3. Union , intersection, and difference operations are all equal in the order. So if we have more than one of these at a time, we have to use parentheses to indicate which of these operations should be done first. For example, the expression A∪B-C doesn’t make any sense because we don’t know which operation we should do first: should we take the union first, and then the difference, or should we take the difference first and then the union? In order to make this clear, we need to either write (A∪B)-C or A∪(B-C).

Let’s look at some examples. For each of these examples, let U={1,2,3,4,5,6,7,8,9}, A={1,2,3,4,5}, B={2,4,6,8}, C={4,5,6}:

So our Venn diagram will look like this: (I have put each of the elements in its place on the Venn diagram.)

Example 1:


First we find A∪B. In this case, A∪B={1,2,3,4,5,6,8}. On a Venn diagram for A∪B, we would get:


Remember that when we take A∪B we ignore the set C. Don’t let the fact that the set C is there distract you. It doesn’t have anything to do with the operation A∪B, so we ignore it for the moment; we’ll use it in the next step.

Next we find (A∪B)-C. Because A∪B={1,2,3,4,5,6,8} and C={4,5,6}, we just substitute these sets in for A∪B and C respectively to get:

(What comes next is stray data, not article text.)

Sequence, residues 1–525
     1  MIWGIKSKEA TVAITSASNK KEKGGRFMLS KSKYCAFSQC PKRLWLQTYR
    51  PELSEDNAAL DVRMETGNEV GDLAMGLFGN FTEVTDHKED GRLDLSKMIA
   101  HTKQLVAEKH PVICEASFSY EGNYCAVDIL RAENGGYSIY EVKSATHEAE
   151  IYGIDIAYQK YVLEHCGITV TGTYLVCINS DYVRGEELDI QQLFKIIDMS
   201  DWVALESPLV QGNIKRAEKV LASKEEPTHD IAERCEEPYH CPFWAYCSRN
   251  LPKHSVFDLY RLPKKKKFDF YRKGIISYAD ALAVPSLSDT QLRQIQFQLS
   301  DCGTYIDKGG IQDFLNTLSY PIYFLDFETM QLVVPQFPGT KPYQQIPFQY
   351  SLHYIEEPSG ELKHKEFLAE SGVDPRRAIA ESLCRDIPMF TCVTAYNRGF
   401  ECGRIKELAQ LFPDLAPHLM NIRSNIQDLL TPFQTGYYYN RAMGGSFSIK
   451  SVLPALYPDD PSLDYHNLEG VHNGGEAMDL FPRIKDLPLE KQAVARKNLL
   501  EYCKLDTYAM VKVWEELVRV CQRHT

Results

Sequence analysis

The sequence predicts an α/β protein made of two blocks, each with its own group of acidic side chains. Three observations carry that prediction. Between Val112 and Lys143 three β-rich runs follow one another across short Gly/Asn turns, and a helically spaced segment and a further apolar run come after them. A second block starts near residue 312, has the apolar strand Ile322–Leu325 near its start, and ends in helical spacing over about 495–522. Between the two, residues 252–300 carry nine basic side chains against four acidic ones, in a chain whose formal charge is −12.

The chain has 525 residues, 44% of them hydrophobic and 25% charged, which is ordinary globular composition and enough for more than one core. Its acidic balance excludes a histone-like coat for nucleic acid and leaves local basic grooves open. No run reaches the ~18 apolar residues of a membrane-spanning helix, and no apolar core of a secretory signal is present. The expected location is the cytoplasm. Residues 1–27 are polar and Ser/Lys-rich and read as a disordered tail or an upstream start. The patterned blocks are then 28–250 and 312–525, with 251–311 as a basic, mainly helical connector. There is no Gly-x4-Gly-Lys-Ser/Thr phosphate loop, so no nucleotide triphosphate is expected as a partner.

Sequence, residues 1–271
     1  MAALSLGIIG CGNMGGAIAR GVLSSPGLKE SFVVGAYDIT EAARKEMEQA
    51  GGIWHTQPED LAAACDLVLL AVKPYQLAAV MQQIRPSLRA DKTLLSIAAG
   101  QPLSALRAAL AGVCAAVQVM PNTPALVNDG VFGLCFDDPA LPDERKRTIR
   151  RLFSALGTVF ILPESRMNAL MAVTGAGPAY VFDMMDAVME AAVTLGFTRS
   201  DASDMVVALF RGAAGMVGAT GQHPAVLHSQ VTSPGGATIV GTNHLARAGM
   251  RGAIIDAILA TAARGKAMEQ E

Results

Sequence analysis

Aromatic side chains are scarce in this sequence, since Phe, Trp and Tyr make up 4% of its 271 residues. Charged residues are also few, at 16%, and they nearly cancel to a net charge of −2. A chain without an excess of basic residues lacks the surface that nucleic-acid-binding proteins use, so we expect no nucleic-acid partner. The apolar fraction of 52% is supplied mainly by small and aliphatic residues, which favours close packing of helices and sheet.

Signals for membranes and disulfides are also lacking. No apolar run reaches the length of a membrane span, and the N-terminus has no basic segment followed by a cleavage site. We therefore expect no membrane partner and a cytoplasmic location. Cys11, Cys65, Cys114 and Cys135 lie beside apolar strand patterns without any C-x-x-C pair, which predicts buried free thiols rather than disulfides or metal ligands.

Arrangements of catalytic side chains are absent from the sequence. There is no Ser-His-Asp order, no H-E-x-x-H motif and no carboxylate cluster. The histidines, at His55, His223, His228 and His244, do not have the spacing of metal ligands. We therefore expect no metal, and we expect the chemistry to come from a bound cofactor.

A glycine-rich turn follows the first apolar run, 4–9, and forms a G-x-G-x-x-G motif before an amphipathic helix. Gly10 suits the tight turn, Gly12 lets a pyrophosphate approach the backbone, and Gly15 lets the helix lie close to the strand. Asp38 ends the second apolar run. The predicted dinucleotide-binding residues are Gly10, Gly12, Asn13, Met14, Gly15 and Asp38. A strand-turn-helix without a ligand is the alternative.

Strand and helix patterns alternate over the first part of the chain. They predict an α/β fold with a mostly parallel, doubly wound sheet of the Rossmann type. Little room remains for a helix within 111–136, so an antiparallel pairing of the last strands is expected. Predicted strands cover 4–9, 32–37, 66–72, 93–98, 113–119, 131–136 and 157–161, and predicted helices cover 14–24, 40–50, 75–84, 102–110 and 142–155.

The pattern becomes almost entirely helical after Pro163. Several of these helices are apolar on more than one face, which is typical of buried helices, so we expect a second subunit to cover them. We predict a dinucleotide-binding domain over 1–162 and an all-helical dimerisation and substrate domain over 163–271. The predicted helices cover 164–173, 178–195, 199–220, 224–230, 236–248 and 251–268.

To create a Venn diagram for (A∪B)-C, we must first have a venn diagram for A∪B and for C, so here is a venn diagram of C, where the set C is shaded in blue:


Now we put both these shadings for A∪B and C together on the same venn diagram, and we get the following picture; the set C is in blue, the set A∪B is in red, and the area where they overlap becomes purple:

A∪B in red, C in blue

Now to take (A∪B)-C we simply take away anything that has been shaded blue (this includes the purple part) because we want to keep everything that is in the set A∪B but get rid of anything that is in C. What’s left over is this, which is the Venn diagram of (A∪B)-C: